Once you’ve narrowed down your search to several corporations, be sure to go the corporate foundation’s website and read all the information provided. These websites usually contain very clear language about priorities and application deadlines (more on eligibility requirements below).

Corporate foundations’ Form 990s, which all tax-exempt organizations are required to file with the IRS, are excellent resources when it comes to researching grants. Form 990s can provide a wealth of information to grant seekers, including facts about the grant process and, often, which organizations a corporation has funded in the past, what a typical award amount looks like, and priority areas a corporation likes to fund. Form 990s are free to the public, and databases like Candid’s 990 Finder, ProPublica’s Nonprofit Explorer, and Economic Research Institute’s Form 990 Finder make them easy to find.

What are the eligibility criteria for corporate grants?

When searching for corporate grants for which your school or district may be eligible, looking at the focus area, or priorities, of a corporation will give you a general sense of what that corporation is interested in funding.

Corporations will often list their larger funding priorities followed by focus areas within those priorities. For example, a corporation with education as one of their main funding priorities may list several grant opportunities that focus on areas within education, such as STEM activities, after-school programs, personalized learning, technology, and teacher professional development.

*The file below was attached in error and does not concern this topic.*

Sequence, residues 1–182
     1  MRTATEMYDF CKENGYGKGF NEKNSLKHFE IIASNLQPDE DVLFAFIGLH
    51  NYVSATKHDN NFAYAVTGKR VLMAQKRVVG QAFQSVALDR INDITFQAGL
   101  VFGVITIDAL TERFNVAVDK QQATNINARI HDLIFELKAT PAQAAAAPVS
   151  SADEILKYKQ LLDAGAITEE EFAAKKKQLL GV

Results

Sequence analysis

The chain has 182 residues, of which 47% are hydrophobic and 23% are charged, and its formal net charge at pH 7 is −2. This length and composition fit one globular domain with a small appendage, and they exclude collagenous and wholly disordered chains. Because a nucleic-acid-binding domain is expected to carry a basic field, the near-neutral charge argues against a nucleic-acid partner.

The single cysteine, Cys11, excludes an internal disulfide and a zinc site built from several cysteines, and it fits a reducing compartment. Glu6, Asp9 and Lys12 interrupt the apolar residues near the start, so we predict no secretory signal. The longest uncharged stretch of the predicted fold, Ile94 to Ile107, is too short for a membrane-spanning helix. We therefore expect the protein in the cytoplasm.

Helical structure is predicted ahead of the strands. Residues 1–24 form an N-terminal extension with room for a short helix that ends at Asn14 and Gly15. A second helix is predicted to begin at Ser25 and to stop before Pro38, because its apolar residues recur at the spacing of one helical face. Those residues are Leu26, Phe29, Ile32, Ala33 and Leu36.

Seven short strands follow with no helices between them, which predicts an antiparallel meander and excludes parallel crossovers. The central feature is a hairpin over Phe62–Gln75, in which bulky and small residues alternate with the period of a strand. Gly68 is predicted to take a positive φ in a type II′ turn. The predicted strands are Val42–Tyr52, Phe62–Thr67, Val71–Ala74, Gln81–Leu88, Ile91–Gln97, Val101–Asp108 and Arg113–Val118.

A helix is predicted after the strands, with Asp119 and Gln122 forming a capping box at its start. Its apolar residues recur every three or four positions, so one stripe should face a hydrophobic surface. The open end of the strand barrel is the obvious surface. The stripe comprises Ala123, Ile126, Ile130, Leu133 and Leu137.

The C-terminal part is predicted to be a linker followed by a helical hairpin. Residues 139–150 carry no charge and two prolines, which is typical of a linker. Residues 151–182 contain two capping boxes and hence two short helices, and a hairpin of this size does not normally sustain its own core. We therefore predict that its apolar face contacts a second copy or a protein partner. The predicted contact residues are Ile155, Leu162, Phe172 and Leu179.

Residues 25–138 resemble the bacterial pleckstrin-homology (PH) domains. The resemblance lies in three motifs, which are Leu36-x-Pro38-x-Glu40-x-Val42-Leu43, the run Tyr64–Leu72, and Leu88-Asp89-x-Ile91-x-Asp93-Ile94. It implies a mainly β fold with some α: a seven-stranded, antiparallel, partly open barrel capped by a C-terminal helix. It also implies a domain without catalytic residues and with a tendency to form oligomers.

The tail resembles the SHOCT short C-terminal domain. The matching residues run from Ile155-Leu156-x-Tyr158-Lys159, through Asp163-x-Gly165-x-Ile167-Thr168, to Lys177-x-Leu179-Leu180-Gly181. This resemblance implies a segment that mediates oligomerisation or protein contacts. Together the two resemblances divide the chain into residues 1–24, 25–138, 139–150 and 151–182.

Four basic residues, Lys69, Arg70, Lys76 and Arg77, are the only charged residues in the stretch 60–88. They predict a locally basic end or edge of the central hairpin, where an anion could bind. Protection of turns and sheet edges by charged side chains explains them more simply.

Corporations’ grant information websites will list eligibility requirements in the form of FAQs or Terms and Conditions, and many companies now offer “eligibility quizzes” that a school, district, or organization fills out to help determine eligibility for a particular grant program. Eligibility factors could include:

  • Geography: Grants are often only awarded to organizations that work in communities where the corporation also works.

  • Invitation: Some corporate grants are by “invitation only,” meaning your school or district must be asked to apply.

  • Grant Cycle/Timing: A corporation’s priorities may vary cycle to cycle, or they may remain the same over multiple grant cycles. For example, Fortune 500 company 3M has two education grant cycles: